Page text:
Hurricane Irma was the strongest hurricane in the Atlantic ever recorded by the National Hurricane Center. On September 9th-11th, Hurricane Irma swept a destructive path across Florida from the Keys all the way up through Jacksonville. Over a week later, we are still reeling.
As Irma grew to a monstrous 400 mile wide, category 5 hurricane, Florida was placed under a state of emergency. 6.3 million people were told to evacuate their homes (our state population is 20.6 million). Panic rose. Food, water and gas supplies quickly depleted and heavy traffic congested the coastal evacuation routes and interstates. Cars were left stranded on the roads- no gas. Lines for what gas stations had gas wrapped around blocks. Tempers flared. And Irma had not even yet arrived.
Waiting for Irma
Prepped for the oncoming storm, I had only a one-way tank of gas left, so we were stuck- hunkered down for the storm with a houseful of family, friends & furry critters. I made a big pot of ham & beans and cooked up rice- I tend to cook when I feel anxious. The winds picked up long before Irma even touched Florida.
We watched the news- mainly Facebook news feed news as the storm hit- striking the Caribbean islands and then the Florida Keys. Storm surges of 10 feet or more. Then the pictures came flooding in of water disappearing everywhere pre-Irma’s strikes. Tampa Bay got sucked out. There was a video of people walking on a dry bay. The expanse of Crystal River became a creek. It was hair-raising to see the reports. Was a tsunami coming? (A more science-minded friend assured me that tsunamis were caused by earthquakes and Irma’s ferocious winds were simply so strong that they were pushing the water away- kinda like a parting of the Red Sea, prior to her arrival).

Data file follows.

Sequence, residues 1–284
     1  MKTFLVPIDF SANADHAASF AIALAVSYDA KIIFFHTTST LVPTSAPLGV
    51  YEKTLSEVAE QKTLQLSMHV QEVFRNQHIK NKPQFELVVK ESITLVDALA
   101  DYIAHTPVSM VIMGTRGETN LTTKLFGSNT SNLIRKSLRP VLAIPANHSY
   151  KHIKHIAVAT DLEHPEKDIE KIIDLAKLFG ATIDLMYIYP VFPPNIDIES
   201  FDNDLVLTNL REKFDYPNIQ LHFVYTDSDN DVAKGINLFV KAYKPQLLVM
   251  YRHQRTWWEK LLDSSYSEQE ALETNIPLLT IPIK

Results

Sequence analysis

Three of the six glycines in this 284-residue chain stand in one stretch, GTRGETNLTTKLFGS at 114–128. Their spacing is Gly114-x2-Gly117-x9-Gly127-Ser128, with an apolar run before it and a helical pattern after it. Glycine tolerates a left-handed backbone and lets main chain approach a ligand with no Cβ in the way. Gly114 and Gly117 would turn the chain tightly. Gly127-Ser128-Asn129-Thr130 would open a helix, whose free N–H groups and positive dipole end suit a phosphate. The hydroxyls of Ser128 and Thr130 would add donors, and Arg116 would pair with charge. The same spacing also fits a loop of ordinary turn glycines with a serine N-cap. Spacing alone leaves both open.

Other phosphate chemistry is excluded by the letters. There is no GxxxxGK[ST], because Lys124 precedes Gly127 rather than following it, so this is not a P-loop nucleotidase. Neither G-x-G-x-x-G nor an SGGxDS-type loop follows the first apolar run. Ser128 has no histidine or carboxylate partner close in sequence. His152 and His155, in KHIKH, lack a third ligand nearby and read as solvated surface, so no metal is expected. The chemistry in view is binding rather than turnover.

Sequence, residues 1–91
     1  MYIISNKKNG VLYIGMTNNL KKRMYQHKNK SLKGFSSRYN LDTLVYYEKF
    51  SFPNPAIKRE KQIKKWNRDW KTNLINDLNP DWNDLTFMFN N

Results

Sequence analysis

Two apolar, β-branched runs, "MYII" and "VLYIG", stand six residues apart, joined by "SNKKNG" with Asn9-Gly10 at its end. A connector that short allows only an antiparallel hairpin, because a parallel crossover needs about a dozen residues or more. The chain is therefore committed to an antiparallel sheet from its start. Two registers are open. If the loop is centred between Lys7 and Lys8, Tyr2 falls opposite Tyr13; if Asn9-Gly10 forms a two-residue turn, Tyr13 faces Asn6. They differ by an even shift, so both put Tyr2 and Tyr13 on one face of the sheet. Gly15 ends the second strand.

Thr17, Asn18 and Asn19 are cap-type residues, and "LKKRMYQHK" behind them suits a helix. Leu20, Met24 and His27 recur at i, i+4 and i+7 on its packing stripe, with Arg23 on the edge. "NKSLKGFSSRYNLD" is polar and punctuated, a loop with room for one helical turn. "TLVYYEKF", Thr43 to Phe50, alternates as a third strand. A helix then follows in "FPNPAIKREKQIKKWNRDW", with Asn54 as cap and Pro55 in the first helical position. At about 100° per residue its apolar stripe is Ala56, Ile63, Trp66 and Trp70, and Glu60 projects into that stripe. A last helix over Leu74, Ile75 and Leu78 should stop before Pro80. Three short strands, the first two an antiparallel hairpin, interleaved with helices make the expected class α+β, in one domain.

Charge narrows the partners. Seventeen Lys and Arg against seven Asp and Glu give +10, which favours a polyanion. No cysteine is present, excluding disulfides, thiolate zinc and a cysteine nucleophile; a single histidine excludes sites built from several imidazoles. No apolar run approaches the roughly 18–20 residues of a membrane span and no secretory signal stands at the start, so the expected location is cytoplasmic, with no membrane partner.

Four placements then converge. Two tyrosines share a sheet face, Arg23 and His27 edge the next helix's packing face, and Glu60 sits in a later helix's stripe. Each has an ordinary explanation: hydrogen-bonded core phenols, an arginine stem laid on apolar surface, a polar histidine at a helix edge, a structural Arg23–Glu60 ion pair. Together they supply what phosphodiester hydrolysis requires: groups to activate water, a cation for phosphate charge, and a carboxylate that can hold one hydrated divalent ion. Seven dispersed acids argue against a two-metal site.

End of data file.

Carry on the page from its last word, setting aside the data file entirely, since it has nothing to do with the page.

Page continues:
Irma slowly etched a northeastern track up Florida after striking Marco Island and Naples. The eye was now directed to go straight through us. We prayed the northwestern cold front and Hurricane Katie in the Gulf would knock her out to sea, but she didn’t budge her slow, destructive crawl. A storm that’s 400 miles wide and traveling 14 miles an hour takes a long time to get anywhere, and Irma thought so too, powering down from a category 4 to a 3 down to a 2 by the time she arrived in our area.